The RAC is warning to drivers to expect a hike in unleaded petrol prices on the forecourt in the coming days.
It’s largely a result of Storm Harvey in the southern United States which has knocked out production sites and led to a global shortage.
The price of a litre of petrol could rise by up to 4p per litre, which would take the average price of the fuel above 121p per litre – a price not seen since December 2014. RAC Fuel Watch data shows that this would also mean the average price of a litre of unleaded moves above that of diesel, something that has not been seen in the UK since early June 2016.
RAC spokesman Pete Williams said, “The price of unleaded petrol will leapfrog diesel early next week, rising by up to 4p per litre as the impact of Storm Harvey and the shut-down of large refineries in the Gulf Coast drives up US demand for petrol imports.
“The average price of a litre of unleaded on Thursday 31 August was 117.29p and diesel was 118.14p but we could see unleaded rise in the coming days to around 121p a litre, with diesel likely to stay stable around 118.5p. This will be the first time unleaded has been higher than diesel since June 2016 and we expect this to be the case for some time to come, or at least until the US oil industry is able to get refineries back into operation and production in the Gulf Coast returns to normal – to meet the United States’ immense appetite for gasoline.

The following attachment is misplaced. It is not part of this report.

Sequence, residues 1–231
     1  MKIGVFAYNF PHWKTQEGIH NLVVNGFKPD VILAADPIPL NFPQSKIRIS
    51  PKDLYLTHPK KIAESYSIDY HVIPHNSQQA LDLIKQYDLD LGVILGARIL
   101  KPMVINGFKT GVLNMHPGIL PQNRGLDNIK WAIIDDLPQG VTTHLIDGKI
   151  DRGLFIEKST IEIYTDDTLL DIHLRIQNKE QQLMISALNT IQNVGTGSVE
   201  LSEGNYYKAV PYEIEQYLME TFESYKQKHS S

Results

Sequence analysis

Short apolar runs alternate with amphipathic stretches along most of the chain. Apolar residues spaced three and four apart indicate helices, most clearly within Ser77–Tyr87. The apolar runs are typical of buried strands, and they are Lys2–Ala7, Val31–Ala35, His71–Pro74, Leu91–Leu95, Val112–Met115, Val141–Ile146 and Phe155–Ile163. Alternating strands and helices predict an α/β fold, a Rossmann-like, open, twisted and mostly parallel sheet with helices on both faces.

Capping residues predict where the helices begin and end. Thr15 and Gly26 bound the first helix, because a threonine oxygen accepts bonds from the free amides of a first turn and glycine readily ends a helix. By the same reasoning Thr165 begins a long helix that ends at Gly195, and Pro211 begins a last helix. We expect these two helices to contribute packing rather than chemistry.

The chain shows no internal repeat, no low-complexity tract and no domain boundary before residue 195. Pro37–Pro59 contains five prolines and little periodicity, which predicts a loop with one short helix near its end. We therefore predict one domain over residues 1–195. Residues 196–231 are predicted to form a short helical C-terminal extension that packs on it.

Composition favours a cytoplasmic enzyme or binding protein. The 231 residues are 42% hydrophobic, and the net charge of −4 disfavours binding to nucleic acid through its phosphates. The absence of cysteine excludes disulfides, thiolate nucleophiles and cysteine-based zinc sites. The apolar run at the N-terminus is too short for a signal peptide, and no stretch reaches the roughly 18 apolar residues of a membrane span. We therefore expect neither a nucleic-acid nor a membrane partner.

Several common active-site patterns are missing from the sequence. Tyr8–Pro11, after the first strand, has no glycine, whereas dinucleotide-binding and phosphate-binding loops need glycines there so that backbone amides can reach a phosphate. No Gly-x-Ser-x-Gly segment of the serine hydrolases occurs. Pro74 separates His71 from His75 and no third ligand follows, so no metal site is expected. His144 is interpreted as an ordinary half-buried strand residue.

“One quarter of the refining capacity in the States remains offline leaving a shortfall of over four million barrels a day, and crude oil production in the Gulf of Mexico is down 13.5%. In response, oil traders are acting to redirect fuel to the US ahead of the busy Labor Day weekend surge in travel.
“The price of a barrel of crude oil has also increased to $52.79 dollars following the catastrophic floods in Houston. Americans are wedded to their petrol engines and while they have been endeavouring to become more self-sufficient through increased fracking they are now having to buy more unleaded from overseas which is reducing the availability of unleaded for the rest of the world.
“We have already seen the wholesale price of unleaded increase by 5p in just the last week and the ongoing crisis in the state of Texas could have a prolonged impact on demand and, in turn, the wholesale price – so we may see further price increases on the UK forecourt.”